Americans can use some skills in enjoying the world more fully and effectively! The 2016 World Happiness Report (p. 22) lists the top ten happiest countries in the world. The U.S. is not among them. Ahead of us are Denmark, Switzerland, Iceland, Norway, Finland, Canada, Netherlands, New Zealand, Australia, Sweden, Israel and Austria.
For the World Happiness Report, researchers ranked countries based on factors including healthy life expectancy, social support, GDP per capita, the happiness of a country’s children, social capital, the civil economy, the absence of corruption, and subjective well-being.
Authors of the study indicate that “subjective well-being encompasses three different aspects: cognitive evaluations of one’s life, positive emotions (joy, pride), and negative ones (pain, anger, worry).” Well-being links to a stronger sense of community, and overall, viewed against other similar studies, the report shows “the happiest countries are those that build stronger social ties, better-managed commons, and a strong sense of community.”
Jon Kabat-Zinn also reports a deep connection between mindfulness and the greater compassion required for strong communities. Mindfulness “training” is a practical program to improve well-being and strengthen social networks. It decreases anti-social behaviors in schools and improves specific measures of health and well-being.
So there’s no question: meditation and mindfulness can improve our health, happiness and quality of life. Now back to the question about those knees and backs and twitching. It keeps rearing its twitchy head. If, like me, you’re one of “those people,” trying to sit uncomfortably for long stretches of time will soon convince you that meditation isn’t for you. Don’t give up, though!
Here are five things you can do today to bring greater mindfulness into your life and start enjoying its benefits:
- Write down and keep this definition of mindfulness in view wherever you spend significant time: “Mindfulness is the act of being intensely aware of what you’re sensing and feeling at every moment — without interpretation or judgment.”
- Never multi-task. It decreases focus and intelligence and generates stress. Mindfulness research tells us that less task-switching = more happiness.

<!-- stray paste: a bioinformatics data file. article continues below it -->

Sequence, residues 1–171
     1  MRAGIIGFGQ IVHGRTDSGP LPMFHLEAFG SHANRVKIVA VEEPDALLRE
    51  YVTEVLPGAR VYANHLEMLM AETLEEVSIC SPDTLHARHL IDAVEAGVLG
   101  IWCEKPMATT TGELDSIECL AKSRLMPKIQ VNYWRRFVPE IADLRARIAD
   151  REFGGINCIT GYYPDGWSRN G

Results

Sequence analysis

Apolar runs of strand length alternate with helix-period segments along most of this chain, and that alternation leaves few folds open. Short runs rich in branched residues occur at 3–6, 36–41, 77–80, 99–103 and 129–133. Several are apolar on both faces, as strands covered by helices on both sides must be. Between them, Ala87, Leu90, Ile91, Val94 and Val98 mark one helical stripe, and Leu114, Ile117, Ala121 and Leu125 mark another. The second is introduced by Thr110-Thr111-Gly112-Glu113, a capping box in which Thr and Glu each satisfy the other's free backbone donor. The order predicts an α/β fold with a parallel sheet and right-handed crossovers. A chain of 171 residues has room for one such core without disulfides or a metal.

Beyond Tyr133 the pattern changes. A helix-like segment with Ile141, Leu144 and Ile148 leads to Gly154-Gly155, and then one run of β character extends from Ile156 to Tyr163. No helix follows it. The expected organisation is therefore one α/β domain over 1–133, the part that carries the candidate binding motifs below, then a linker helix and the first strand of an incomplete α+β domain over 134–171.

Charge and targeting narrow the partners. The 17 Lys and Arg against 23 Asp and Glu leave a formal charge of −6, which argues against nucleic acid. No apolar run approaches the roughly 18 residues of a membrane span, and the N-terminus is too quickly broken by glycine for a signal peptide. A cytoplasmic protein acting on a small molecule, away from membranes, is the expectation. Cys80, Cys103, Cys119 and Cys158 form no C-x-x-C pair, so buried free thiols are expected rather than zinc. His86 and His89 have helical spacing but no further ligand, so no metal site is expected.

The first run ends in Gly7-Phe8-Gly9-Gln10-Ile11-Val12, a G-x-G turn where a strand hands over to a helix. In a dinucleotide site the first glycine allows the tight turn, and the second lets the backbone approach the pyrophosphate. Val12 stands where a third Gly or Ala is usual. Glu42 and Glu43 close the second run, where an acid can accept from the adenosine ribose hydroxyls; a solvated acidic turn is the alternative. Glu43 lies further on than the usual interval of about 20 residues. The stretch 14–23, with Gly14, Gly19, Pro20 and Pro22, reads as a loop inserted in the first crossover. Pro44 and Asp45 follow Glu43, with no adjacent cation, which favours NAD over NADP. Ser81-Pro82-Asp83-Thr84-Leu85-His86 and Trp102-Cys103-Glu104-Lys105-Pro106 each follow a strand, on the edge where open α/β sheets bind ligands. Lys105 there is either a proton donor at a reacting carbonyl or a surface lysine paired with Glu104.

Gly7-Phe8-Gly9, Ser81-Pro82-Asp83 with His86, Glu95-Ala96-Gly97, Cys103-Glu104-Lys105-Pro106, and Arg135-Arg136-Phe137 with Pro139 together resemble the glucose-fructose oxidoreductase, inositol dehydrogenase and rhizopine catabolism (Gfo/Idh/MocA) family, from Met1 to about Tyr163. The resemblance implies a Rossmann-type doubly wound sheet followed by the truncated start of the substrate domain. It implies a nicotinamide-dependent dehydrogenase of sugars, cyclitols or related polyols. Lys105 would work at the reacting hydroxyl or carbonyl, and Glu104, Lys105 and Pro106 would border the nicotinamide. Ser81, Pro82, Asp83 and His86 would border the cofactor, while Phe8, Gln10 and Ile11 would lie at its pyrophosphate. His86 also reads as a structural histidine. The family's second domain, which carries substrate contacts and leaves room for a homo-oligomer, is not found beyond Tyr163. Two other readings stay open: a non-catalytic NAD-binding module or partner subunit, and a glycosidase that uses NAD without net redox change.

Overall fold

- Practice mindfulness with a simple, every day activity. Eating is a good one. Pay attention to every mouthful. Chew your food carefully and thoroughly. Pay attention to aromas, textures, flavors. Gradually stretch the boundaries of your engagement with what you eat, moving toward real food that you make yourself from fresh, whole ingredients. Prepare your environment to eat with loving attention to what will allow you to relax and focus on the meal.
- Take daily mindfulness walks. Be aware of each step, how you place your feet, how you hold your body, how you breathe, what you hear, what you see, what you feel, the breeze against your skin.
- Journal. For 15 minutes every morning, write continuously about a word or phrase. Don’t stop writing during that time. Keep your journal and pen ready, and keep words or phrases in a jar to draw on. Don’t worry about spelling or sentence structure. Just keep writing about that word or phrase. You’ll find yourself paying more attention to your life each day as you look for key words or phrases or thoughts to drop into your jar.
Who knows? With some work on mindfulness, you might start to enjoy sitting meditation without twitching. It’s a great way to begin your day! And taking the deep, cleansing breaths that you’ll learn as part of it is a good technique to reduce stress and enhance mental clarity in difficult situations.
But if sitting meditation isn’t for you, you have other options to improve your health, happiness and quality of life with mindfulness. You can start today.